WalterT I don’t know what that means so when I get back home I’ll Google it.
Except for the Foveon sensor, whose sensitivity is poor even for terrestrial photography, there is really no such thing as a color sensor.
Virtually all CCD and CMOS sensors begin life as a monochrome sensor.
In the 1970s, Bryce Bayer of Kodak (back in the days when Kodak was just starting to build digital cameras) came up with a bright idea of how to build color cameras from monochrome sensors -- and that is to deposit micro color filters on top of every pixel. His original patent gave an example of depositing a repeated pattern of 2x2 teeny tiny color filters on top of a monochrome sensor. For the four pixels in the array, he assigned two of them to green, one to red and one to blue (the opposite of what you want to do for astronomy :-) because luma = 0.59G + 0.30R + 0.11B in color TVs; so green is the most important color.
This gives us a repeated 2x2 array of
which is abbreviated RGGB nowadays. There are other derivatives of this with different color sequence, and even a non 2x2 shape (the PenTile Bayer pattern, for example).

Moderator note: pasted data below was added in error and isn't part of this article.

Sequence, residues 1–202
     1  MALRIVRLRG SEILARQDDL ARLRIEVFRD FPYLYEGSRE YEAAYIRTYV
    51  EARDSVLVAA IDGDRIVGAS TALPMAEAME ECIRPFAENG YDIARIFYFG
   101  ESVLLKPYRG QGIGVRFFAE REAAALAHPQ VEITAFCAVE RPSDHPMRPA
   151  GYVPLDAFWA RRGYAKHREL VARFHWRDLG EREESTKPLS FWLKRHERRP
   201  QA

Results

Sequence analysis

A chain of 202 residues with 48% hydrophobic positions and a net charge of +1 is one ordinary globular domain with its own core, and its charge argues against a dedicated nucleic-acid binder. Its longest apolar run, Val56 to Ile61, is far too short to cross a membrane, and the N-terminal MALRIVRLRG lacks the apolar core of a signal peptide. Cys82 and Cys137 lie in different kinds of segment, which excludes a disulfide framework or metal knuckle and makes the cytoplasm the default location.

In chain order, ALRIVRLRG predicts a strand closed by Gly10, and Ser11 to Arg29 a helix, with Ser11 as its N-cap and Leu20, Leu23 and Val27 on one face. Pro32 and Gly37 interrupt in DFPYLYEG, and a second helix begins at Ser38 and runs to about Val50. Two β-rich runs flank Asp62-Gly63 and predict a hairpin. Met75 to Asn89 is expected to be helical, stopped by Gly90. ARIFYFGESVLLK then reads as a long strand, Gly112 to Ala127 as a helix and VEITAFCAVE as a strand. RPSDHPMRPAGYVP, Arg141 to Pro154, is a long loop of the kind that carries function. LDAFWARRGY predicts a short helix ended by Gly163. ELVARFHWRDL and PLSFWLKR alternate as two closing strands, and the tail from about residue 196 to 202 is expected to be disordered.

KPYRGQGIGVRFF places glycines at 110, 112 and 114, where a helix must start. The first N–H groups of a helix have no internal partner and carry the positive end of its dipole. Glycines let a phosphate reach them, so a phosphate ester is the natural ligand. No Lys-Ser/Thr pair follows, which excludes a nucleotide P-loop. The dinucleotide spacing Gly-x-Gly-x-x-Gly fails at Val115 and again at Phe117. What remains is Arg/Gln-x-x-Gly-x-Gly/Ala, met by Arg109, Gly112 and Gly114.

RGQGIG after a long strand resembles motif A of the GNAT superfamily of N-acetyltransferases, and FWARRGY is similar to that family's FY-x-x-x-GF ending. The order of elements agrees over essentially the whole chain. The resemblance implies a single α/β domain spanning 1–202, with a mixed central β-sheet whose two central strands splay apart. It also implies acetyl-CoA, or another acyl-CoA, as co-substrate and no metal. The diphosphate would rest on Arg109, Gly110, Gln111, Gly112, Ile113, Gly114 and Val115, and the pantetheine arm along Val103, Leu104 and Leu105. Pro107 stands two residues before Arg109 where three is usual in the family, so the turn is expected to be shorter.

When you try to reconstruct the original color image, you use filtering and interpolation techniques to create a synthetic image where each pixel has all three color components, even though each pixel only started with just one color component.
In honor of his invention, we call this reconstruction process today debayering or deBayering. (A more formal name is "demosaicing.")
This is why you cannot approach the resolution of a monochrome camera by using a one-shot digital camera.
If you take a raw "color" image that has not gone through deBayering, you will see this 2x2 patten (Sony sensors that ZWO buys use the RGGB pattern). (Notice that if you invert the image, the pattern becomes GBRG.)
In predominantly red regions, the pixels under the green filters and the blue filters will be very dark. You can see some very dark pixels in your image, and since there is only one for each 2x2 array, I surmise the dark pixels are either red or blue -- i.e, the region you are imaging has either no red content, or they have no blue content. If it is missing green, you will see two dark pixels in a 2x2 array.
See this seminal patent (arguably the most influential patent from the late 20th century -- all the selfie picture takers would still be taking black and white pictures if not for Mr. Bayer (RIP) :-):
As usual, Wikipedia is your friend: